While renewable electricity standards and subsidies are the big gorillas of green behavior rewards, there is a plethora of smaller reward systems that create further problems. They offer some indirect benefit that creates a new set of distortionary incentives. A perfect example was in the news earlier this year when Los Angeles International Airport (LAX) cancelled its free parking for electric vehicles — which began in the 1990s when EVs were as rare as $4 gas — because the program had become “too successful.”
The advantage of electric vehicles is that they put out less pollution (yes, even counting the electricity generation process), but only when they are moving. Why would anyone think that subsidizing EV parking at LAX gives the appropriate incentive to buy and drive an EV? In fact, it lowers the overall cost of travelling by air, which is itself a GHG-intensive activity. Complimentary massages for EV owners would probably make more sense.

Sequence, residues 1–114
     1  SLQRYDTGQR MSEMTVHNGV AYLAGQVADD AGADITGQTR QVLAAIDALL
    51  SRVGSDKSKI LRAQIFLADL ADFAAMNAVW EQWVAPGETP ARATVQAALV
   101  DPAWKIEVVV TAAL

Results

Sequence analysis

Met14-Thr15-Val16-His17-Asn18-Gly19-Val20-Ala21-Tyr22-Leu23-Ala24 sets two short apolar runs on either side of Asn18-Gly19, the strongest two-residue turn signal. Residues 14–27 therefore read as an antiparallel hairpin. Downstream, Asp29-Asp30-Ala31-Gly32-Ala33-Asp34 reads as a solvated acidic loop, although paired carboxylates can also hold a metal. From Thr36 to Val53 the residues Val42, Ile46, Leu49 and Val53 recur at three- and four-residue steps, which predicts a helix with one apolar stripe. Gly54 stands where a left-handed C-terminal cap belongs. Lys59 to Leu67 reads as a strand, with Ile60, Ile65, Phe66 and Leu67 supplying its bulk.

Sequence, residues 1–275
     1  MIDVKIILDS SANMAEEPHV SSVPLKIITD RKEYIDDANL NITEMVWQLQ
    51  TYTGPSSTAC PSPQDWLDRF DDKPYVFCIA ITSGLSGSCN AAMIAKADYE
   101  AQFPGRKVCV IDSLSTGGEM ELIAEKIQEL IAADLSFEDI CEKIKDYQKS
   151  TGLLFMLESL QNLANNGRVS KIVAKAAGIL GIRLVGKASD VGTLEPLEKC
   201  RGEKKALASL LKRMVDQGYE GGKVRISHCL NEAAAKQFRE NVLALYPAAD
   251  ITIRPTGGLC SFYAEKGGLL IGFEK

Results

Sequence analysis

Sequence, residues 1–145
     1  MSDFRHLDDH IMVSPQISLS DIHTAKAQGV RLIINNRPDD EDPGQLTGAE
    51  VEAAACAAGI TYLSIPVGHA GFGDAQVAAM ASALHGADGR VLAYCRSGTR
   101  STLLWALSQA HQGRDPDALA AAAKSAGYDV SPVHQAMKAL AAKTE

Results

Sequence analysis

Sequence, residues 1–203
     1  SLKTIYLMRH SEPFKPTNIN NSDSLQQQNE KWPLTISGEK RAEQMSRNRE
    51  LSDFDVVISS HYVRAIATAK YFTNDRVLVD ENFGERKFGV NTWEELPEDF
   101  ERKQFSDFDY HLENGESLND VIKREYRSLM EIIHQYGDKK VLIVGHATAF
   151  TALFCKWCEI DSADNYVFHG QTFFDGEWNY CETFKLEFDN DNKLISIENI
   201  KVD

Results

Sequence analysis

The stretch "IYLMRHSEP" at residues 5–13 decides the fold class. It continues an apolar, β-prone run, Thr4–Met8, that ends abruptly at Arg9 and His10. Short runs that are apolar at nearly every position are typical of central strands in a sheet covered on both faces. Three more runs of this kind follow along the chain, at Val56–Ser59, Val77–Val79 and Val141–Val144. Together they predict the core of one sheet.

But this reward turned out to have many other flaws. Free parking was especially attractive to people going on long trips, who left their EVs sitting for weeks at charging stations, blocking other EVs from getting a charge and actually reducing the effectiveness of the free charging reward that LAX also offers. On March 1, LAX discontinued the free parking, but continued to offer free charging (at least when you can find a charging station available). The change was deplored by some EV advocates who instead wanted LAX to offer still more EV-dedicated spots with charging stations. For every subsidy there is a beneficiary who believes it is now their God-given right, whether free parking for EVs or free polluting for old cars and power plants. (This post is already too long, so I’ll have to defer comments on HOV lane access for EVs, another indirect subsidy.)